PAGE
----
From education to employment

Exams Results Time: Options and Opportunities

Dr Deirdre Hughes OBE, UK, EU and International careers policy, research and practice specialist

This article reflects on exam results time and provides an overview of options and opportunities. With the unprecedented challenges caused by the disruption of Covid, growth in the 18-year-old population, a cost-of-living crisis and intermittent strike action, students find themselves facing a unique set of circumstances.

As the exam results season beckons, students eagerly await their fate. The release of exam results marks a crucial juncture in the lives of young people, determining their next steps and future prospects. Parents’ reactions to exam result day can vary widely, ranging from nonchalance to profound anxiety. The stark contrast in their response reflects the diverse ways in which parents perceive and approach the significance of their children’s academic outcomes. In June 2023, Ucas warned that more disadvantaged students could miss out on university offers by 2030 due to increased competition for places.

Traditional Academic Routes and Alternative Options

This year amid unprecedented challenges caused by the disruption of Covid, growth in the 18-year-old population, a cost-of-living crisis and intermittent strike action, students find themselves facing a unique set of circumstances. The options and opportunities available to them during this crucial and competitive time can impact significantly on their future prospects, career development and well-being. Let’s consider the various pathways that await students as they navigate the post-exam phase.

Traditional Academic Routes: For some students the conventional academic route may be a preferred option. Scoring well in A levels or T levels opens doors to a wide range of higher education institutions across the country. As the competitive landscape becomes tougher with each passing year, universities can call the shots on who they will accept or reject. However, with increased competition, students should be aware of alternative options, including Clearing and Adjustment. Clearing allows for students to find available HE courses that still have places and Adjustment permits high achievers to explore better course options if they exceed their predicted grades.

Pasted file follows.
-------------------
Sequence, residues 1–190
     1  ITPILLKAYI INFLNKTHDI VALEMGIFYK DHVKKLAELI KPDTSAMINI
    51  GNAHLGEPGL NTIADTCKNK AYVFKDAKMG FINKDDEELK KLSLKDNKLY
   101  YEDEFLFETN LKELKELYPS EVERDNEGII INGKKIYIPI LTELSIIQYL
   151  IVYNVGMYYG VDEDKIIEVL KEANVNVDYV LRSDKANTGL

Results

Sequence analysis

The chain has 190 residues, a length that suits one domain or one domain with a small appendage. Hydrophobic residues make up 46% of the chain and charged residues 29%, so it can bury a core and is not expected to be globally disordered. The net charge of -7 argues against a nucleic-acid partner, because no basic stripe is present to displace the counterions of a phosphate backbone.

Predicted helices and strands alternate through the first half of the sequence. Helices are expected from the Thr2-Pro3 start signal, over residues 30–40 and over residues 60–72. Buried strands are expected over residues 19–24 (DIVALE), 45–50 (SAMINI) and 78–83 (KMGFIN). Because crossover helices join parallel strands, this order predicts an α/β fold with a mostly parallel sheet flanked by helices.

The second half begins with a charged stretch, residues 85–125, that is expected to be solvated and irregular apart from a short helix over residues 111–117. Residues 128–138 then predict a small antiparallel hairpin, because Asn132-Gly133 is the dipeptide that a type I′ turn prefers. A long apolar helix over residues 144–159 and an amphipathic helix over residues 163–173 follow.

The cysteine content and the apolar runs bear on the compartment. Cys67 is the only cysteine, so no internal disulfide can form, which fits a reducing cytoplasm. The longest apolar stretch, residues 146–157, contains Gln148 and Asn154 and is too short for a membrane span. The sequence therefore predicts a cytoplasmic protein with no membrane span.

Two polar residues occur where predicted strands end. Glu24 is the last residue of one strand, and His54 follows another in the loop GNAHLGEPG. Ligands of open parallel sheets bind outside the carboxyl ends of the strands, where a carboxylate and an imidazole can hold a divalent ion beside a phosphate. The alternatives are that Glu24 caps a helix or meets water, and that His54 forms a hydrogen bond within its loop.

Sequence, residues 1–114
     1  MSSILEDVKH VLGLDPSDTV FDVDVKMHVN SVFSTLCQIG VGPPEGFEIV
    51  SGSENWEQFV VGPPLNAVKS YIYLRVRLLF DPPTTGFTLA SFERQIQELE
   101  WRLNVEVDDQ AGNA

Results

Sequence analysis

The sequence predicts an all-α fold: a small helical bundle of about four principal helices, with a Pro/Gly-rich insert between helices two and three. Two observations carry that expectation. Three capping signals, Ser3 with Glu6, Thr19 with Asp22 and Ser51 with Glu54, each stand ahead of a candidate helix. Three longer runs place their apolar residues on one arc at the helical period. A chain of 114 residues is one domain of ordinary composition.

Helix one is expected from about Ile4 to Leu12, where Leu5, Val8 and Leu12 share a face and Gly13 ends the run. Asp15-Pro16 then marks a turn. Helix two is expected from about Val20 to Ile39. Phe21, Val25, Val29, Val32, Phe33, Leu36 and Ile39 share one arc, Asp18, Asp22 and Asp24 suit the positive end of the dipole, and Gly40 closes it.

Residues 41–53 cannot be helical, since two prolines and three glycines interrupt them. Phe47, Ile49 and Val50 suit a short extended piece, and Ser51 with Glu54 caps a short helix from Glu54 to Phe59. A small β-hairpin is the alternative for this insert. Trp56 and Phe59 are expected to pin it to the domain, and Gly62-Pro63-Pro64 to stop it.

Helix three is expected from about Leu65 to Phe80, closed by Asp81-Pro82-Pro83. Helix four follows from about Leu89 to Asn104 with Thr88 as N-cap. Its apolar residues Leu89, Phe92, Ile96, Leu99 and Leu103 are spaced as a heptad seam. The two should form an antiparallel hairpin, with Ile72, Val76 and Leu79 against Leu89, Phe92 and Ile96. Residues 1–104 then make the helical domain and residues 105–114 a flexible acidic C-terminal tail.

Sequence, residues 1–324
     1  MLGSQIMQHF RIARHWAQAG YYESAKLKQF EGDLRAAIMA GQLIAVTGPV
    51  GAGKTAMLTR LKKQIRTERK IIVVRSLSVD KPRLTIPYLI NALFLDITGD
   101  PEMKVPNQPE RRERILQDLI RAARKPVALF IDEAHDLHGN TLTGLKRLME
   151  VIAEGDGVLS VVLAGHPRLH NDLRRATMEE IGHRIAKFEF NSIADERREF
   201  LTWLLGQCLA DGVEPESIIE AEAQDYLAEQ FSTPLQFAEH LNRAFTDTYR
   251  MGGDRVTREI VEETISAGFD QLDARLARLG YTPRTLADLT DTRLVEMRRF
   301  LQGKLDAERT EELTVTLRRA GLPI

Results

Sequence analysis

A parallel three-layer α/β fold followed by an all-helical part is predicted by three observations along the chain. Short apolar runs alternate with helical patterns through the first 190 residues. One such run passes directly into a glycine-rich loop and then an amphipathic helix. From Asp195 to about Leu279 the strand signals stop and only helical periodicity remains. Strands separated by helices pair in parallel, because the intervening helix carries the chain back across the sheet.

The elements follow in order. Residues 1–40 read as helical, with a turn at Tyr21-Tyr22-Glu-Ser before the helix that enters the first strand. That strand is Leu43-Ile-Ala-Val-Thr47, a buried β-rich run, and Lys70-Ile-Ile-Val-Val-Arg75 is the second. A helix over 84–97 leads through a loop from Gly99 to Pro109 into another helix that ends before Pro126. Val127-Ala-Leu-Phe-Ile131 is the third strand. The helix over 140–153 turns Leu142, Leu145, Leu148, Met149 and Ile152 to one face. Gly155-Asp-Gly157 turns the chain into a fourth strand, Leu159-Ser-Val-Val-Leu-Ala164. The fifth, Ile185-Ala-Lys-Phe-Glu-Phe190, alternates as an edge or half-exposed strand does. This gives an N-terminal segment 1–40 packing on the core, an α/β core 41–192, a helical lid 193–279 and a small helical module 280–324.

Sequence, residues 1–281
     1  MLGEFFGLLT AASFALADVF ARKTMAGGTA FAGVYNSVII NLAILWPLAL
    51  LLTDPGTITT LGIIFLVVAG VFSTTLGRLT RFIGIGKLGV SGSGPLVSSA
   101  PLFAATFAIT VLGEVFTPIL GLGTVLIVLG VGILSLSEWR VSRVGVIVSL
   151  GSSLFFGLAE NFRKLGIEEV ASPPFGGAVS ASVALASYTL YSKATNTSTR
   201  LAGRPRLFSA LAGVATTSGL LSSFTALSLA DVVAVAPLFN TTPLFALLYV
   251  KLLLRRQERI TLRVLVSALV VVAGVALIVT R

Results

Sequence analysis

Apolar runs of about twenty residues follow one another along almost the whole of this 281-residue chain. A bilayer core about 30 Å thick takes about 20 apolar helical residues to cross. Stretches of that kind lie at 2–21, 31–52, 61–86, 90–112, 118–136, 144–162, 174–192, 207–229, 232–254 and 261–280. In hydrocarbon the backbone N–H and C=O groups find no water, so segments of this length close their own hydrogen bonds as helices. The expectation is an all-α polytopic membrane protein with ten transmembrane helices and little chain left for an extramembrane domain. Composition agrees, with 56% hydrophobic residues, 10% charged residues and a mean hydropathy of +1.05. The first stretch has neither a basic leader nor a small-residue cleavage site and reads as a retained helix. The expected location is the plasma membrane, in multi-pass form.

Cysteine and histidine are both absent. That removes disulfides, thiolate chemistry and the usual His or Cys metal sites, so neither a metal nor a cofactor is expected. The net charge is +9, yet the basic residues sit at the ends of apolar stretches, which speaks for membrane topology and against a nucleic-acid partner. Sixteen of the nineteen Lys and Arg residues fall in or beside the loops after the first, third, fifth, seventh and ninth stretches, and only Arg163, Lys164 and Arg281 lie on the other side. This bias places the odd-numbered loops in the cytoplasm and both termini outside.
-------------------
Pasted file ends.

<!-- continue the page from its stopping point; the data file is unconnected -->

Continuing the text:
Vocational and Technical Education:

The growth in higher-degree apprenticeships should not be overlooked in both higher and further education settings. Universities UK has endorsed degree apprenticeships as a “success story” and released a ten-point plan for the government to support their growth. Many students find vocational and technical education (at all levels) better suited to their learning styles and needs e.g. courses that offer hands-on experience, practical skills, and direct pathways to specific industries. Earning whilst learning for some is essential – not simply an optional choice. A school leaver programme is a scheme run by large employers for school students, normally in Year 13, who have the qualifications to go to university, but would rather enter into the world of employment.  Traineeships and apprenticeships serve similar yet distinct purposes. Traineeships for 16 — 23-year-olds, and young people with learning difficulty assessments up to age 25, focus more on developing general employability skills, whereas apprenticeships are job specific. 

Gap year and personal development:

In the aftermath of the pandemic, some students might feel they want to spread their wings and seek opportunities for personal growth and development – or simply find opportunities to find out what they truly love doing. Engaging in volunteer work, side hustles, paid internships, or travel experiences can broaden perspectives and enhance valuable life skills. Many students who opt for a gap year often return to their studies with renewed focus and clarity about their career goals.

Entrepreneurship and Start-Ups: